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Clade Song 10

Applied Astronomy

I once understood that which now bewilders;
to bewilder is the desire; astronomy
the goal. To know a star for an origin

I said: Just as well go with astrology,
accept an ancient name a direction through the void,
assume a link between birth and belief.

My sense of time and place contingent, a falling
into contact—being lost. To lose one’s way is
revelation, in reverse. I chose to study animals next:

I remember a certain shady green road (where I saw a snake)
and a waterfall, with a degree of pleasure, which must be
connected with the pleasure from scenery, though not directly
recognized as such. The sandy plain before the house has left a

strong impression, which is obscurely connected with an indistinct remembrance
of curious insects, probably a Cimex mottled with red, and Zygaena,
the burnet-moth.
            (Charles Darwin, Autobiographical Fragment, 1838)

I did once wish to know to finally
know the names of trees I climbed,
to call the names of the birds I bothered,
to pronounce the Latin lists while peering through
lenses. All this and more was possible
if contingent. Next came chemistry,
a place of white coats and dark odors

of transmutations deep as adolescence
when the touch of one’s own skin turned utterly
false, utterly necessary. I would pour deeply
any old self into shiny new bottles, if I could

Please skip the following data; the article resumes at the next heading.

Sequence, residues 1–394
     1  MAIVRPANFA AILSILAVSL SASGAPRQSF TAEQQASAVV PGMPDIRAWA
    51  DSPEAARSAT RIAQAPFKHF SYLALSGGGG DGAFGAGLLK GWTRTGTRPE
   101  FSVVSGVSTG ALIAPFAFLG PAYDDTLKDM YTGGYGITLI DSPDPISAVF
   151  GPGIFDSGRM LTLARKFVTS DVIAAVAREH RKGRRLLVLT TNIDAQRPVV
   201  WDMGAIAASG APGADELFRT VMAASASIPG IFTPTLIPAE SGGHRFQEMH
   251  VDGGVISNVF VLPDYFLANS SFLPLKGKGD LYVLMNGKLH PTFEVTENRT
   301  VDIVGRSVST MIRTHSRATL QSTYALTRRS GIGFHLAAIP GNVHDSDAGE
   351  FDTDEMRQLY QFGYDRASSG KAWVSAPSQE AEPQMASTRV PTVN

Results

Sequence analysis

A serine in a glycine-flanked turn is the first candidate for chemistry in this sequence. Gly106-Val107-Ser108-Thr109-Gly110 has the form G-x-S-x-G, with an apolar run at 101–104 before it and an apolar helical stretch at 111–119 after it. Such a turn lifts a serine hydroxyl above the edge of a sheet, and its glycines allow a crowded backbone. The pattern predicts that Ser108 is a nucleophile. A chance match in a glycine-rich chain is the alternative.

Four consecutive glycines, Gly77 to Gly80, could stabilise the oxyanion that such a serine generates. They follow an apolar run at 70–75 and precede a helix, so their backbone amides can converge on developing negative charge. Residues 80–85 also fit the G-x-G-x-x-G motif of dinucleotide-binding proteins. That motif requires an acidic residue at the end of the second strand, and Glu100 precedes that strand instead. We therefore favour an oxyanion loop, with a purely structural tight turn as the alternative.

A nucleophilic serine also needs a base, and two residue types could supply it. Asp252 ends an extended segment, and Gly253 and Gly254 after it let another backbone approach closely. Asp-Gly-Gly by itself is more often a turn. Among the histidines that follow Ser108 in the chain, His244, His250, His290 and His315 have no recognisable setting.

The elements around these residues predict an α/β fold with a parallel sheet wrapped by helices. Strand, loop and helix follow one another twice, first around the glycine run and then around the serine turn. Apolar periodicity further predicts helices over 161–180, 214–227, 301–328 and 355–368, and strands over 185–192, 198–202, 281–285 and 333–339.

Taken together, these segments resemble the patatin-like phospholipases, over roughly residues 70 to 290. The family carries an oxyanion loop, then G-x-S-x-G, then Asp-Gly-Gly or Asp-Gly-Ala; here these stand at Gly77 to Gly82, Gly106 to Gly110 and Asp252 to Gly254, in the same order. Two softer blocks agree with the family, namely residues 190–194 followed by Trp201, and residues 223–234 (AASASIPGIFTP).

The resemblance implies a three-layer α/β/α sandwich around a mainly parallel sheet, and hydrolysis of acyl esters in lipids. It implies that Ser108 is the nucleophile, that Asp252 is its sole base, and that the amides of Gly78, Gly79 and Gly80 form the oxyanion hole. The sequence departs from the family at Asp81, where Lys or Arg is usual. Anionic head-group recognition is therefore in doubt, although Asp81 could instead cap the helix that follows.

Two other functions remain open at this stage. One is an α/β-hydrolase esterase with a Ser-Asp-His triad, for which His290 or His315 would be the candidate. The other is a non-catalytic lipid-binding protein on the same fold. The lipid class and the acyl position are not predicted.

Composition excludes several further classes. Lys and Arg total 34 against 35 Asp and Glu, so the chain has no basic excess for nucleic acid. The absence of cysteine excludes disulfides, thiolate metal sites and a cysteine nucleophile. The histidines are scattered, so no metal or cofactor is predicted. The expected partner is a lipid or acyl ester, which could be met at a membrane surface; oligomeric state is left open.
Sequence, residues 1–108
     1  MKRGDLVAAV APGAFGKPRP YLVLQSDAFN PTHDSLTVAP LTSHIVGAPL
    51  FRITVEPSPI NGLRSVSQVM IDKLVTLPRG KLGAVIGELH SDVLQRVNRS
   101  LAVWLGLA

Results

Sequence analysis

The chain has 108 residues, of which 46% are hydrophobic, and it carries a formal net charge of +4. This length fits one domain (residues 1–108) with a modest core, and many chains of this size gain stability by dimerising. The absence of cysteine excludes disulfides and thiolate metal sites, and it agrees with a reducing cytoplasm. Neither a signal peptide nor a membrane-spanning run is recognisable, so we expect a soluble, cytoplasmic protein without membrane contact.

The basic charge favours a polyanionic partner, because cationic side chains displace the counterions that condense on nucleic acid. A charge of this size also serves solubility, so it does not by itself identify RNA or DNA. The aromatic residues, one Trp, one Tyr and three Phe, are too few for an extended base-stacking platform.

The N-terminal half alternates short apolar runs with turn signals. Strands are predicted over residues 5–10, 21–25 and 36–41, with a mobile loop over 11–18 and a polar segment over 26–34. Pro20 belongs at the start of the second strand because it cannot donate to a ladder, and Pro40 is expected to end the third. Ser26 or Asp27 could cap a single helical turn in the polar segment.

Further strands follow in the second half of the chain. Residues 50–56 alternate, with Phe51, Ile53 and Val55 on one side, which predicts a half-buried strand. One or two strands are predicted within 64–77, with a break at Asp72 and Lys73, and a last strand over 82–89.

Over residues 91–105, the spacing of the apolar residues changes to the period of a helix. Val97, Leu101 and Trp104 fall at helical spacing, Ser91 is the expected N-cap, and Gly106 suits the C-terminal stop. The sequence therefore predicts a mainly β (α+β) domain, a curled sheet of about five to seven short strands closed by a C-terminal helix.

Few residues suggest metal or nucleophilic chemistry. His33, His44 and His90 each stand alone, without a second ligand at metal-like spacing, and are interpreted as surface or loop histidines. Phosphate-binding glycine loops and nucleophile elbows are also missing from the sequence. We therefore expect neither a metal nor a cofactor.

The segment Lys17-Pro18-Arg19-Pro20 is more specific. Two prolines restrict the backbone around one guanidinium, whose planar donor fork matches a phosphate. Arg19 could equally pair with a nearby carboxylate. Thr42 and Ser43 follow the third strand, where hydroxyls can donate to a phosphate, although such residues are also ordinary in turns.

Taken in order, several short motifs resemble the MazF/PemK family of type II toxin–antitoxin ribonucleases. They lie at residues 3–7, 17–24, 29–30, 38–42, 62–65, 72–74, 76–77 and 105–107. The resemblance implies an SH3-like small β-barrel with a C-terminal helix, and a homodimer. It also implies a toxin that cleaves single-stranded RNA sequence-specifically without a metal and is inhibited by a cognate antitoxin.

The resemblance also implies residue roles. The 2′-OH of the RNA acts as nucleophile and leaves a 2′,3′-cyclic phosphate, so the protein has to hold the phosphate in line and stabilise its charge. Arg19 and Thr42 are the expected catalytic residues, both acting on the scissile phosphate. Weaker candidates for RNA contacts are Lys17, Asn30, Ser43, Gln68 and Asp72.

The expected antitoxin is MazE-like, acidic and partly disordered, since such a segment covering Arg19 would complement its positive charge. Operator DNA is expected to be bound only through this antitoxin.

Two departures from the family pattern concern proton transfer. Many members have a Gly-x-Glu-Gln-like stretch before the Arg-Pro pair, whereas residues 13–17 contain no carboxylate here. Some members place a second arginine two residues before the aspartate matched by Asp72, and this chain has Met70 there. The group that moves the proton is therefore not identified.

fit, final yet alive there. There in my closet
resistant to naphthalene, tiny moths abound.

, all it takes is a little carbon, less hydrogen,
a couple of benzene rings. You can find it in walnuts.
Juglans regia, for instance, with seed in its shell
like brain in its skull and might as well
be used to treat my illness, my fanciful
self. To chew these little organs knowing. Being.

We have beaten our swords into cellphones
and I in charge of my own mind, minding
and mending the universe as I see it, as I see fit.

Let us imagine an astronomer earlier than Copernicus, reflecting upon the system of Ptolemy; he will notice that one of the two circles, epicycle or deferent, of each of the planets is traversed in the same time. This cannot be by chance, there is therefore among all the planets I know not what mysterious bond.

The stars chase each other inscribing curves of pursuit across our skies, our visions of the ancient arrival of light of light in the night. I want to hold Lampyridae in one hand, Sirius, Canopus, and Rigel in the other. Everything the same size held at arm’s length. Sun and moon, heaven and earth, named and unnamed.

Copernicus, by simply changing the coordinate axes that are regarded as fixed, makes this appearance vanish; each planet describes only one circle and the times of revolution become independent...(H. Stein, Physics and Philosophy Meet)

Ratios linger. Some stars evaporate,
others coalesce into small stones
to rattle under streams in the mountains.


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Bin Ramke's thirteenth book of poems, LIGHT WIND LIGHT LIGHT, was published recently by Omnidawn. He continues to teach at the University of Denver, and sporadically at the School of the Art Institute of Chicago.